David saith, 'the eyes of all things wait on God for their meat in due season, and Thou fillest them:' With what? with bread? No, but 'with Thy blessing and goodness.' Our hearts must be 'stablished with grace, not with meats,' It is God's prerogative, that as all things had their 'beginning' from Him, so He supporteth and sustaineth them.
This is a further point than all philosophy teacheth us. For they having laid down the four elements, bare and simple essences tanquam materiam, by compounding and tempering of them, they bring forth a certain quintessence or balm full of virtue. But divinity leadeth us to a quintessence, without which all the quintessences and balm in the world can do us no good.
To the question that Jeremiah propoundeth, 'Is there no balm at Gilead? Is there no physician there?' the answer may be, Man's health is not recovered by balm or physic only, 'but by every word that proceedeth out of the mouth of God,' if we weight Christ's argument aright. For we may see Asa died for all his 'physicians' that were about him. So if it be asked, Are there no horses nor chariots in Gilead? we may answer, Warlike victory consisteth not in warlike [507/508] furniture only but in 'remembering the name of the Lord God.' A horse is a vain thing to save, without the power of this word. And so when man thrives not or prospers not in his actions, it is not often for want of labour or care. Psalm the one hundred and twenty seventh and first verse tells him 'Except the Lord build the house &c.' Augustine adviseth his auditory to believe it in time, lest by woeful experience they find it to be true, when as they shall have such a consumption that no meat shall do them any good, or such a dropsy that no drink shall avail them.
The power and virtue of this word is called 'the staff of bread' and it is meant of a chief staff, such a one as is set in the midst to bear up all the tent. The plainest similitude I can use to make you understand the force thereof is this: When we go to the physic for any disease, we are bidden see the such herbs in running water, and then to drink the water; we know it is not the water which helpeth, but the decoction or infusion. So it is not the bread (considered barely in itself) that nourisheth us, but the virtue and grace of the word infused into it. We are not therefore to stick to the means like the glutton, but to pray for this blessing. And to this end God, in the establishing of nature, hath thereout reserved four special prerogatives to His word.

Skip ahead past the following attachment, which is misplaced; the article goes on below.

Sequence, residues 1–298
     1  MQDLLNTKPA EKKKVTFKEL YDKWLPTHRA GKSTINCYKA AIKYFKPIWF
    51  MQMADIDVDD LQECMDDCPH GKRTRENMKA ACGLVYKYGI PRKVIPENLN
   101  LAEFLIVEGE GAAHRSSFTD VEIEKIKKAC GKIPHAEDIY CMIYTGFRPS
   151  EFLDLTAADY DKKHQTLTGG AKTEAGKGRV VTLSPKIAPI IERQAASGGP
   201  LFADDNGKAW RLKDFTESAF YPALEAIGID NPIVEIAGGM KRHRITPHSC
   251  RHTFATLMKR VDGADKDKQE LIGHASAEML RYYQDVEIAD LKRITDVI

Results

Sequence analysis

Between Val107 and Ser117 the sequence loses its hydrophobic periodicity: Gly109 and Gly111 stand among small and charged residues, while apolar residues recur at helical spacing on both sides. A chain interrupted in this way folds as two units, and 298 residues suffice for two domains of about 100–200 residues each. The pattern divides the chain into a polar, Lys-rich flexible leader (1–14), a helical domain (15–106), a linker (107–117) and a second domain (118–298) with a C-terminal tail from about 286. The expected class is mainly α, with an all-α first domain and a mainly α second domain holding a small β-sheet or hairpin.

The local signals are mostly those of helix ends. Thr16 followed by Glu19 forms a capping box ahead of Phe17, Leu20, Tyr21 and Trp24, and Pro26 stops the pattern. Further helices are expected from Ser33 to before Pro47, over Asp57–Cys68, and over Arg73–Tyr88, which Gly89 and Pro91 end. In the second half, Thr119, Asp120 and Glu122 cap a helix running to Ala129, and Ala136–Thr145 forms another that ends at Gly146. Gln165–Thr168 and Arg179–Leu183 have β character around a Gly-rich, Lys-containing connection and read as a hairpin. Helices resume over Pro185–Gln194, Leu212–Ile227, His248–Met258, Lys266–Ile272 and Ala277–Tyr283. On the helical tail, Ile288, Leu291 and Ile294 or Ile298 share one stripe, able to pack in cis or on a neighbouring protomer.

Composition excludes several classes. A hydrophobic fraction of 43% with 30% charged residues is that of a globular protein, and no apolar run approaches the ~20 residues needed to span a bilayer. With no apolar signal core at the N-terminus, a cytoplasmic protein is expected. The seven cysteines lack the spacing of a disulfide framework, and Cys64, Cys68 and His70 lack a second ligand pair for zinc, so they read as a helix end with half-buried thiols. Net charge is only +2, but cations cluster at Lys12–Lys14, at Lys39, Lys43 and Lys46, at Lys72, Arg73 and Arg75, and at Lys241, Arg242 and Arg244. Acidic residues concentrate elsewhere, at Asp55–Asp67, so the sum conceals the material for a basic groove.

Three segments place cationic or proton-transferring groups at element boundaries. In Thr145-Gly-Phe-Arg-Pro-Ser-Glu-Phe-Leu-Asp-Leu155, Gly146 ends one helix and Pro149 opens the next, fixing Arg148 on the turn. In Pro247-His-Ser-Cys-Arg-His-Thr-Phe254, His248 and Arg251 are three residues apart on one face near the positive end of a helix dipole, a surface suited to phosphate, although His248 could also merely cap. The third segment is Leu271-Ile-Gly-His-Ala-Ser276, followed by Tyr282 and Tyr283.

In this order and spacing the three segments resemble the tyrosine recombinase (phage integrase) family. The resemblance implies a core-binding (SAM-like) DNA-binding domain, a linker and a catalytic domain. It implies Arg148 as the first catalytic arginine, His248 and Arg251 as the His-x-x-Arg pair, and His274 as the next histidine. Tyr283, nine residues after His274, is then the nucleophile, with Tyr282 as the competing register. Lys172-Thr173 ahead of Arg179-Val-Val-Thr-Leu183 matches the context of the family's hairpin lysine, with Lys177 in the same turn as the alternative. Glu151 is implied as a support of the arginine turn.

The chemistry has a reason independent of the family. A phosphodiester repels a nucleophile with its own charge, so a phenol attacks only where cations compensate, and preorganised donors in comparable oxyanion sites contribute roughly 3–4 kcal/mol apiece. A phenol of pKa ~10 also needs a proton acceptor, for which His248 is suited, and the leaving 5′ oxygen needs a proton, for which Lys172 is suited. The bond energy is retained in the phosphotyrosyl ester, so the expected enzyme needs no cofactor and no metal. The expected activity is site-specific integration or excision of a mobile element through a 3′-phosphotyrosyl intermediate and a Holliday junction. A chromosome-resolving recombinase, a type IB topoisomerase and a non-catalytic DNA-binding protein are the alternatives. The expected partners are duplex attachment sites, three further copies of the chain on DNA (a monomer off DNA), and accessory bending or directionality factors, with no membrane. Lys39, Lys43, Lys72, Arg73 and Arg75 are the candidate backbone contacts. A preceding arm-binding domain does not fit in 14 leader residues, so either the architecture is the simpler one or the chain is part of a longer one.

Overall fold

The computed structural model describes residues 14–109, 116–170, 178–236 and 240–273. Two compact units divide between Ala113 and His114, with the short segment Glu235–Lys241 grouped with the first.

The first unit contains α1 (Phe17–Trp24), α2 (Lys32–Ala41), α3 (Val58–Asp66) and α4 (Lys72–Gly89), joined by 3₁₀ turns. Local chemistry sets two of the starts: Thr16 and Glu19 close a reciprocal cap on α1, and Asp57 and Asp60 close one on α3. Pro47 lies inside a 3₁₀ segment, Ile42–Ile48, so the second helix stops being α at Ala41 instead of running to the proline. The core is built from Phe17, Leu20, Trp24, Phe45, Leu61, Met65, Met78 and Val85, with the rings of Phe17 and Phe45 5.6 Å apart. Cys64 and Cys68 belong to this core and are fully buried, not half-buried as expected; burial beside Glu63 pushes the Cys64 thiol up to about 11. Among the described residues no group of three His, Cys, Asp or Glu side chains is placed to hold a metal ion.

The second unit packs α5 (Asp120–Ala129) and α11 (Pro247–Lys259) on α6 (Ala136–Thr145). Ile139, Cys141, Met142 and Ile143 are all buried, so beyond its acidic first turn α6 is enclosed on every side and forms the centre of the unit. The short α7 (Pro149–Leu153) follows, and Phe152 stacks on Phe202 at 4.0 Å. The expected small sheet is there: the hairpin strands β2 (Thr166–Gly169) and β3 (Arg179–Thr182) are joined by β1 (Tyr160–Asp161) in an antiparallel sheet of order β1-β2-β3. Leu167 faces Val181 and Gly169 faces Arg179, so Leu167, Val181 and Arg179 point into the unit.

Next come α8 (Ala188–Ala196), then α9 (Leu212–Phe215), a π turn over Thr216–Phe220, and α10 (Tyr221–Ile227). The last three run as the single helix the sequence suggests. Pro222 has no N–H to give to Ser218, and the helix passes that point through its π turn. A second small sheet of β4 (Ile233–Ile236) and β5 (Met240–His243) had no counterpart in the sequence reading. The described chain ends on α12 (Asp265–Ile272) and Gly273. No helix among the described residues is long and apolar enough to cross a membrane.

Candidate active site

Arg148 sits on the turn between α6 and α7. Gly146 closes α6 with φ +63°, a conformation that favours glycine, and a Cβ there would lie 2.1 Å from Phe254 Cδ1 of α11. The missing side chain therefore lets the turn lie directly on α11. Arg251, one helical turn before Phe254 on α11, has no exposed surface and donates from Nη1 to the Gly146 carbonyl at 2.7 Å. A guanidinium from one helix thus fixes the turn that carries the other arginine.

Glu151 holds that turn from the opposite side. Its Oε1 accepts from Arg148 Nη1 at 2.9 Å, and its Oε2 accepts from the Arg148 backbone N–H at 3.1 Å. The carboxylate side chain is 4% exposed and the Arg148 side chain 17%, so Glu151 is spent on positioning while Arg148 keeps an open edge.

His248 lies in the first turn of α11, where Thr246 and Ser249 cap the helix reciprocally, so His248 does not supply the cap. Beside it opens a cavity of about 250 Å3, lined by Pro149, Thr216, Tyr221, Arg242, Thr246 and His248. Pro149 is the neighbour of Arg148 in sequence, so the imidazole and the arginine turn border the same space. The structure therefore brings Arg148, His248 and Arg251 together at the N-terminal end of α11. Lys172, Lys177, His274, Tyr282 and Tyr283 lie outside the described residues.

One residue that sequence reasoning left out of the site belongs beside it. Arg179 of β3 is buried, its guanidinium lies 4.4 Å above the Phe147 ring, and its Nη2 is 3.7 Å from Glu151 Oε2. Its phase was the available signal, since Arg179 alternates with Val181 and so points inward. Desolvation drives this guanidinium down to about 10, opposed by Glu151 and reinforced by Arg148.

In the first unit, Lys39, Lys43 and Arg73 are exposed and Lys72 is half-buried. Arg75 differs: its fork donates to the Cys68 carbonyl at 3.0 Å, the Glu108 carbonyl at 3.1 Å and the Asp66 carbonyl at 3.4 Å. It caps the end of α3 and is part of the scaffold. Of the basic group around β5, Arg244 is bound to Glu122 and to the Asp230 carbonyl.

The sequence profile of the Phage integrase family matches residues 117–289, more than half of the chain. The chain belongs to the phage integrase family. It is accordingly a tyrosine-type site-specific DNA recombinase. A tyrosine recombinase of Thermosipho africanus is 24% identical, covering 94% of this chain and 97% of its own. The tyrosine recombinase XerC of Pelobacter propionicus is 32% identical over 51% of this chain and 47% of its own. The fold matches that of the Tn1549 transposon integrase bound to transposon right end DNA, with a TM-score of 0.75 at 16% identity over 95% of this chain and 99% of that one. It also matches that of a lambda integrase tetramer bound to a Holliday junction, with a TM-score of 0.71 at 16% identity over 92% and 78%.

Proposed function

At first, with a very little of the means to go far in operation, with a little oil and a little wheat He fed Elias, the poor widow, and her son, a great while. And, Matthew the fourteenth chapter and seventeenth verse, Christ made 'five loaves and two fishes' serve 'five thousand' persons. The heathen man thought no certain proportion was to be set down for a family, because when a heavenly hunger cometh on men they eat more at one time than at another. But whatsoever the heathen have spoken wisely, we have far more wisely uttered by the Holy Ghost in one place or other. In Psalm the seventeenth and fourteenth verse this is set down, where there is mention made of a certain hidden treasure wherewith men's 'bellies be filled;' and Haggai, the first chapter and sixth verse, saith, 'Men eat much, yet have not enough; drink much, but are not filled.' This is the first prerogative.'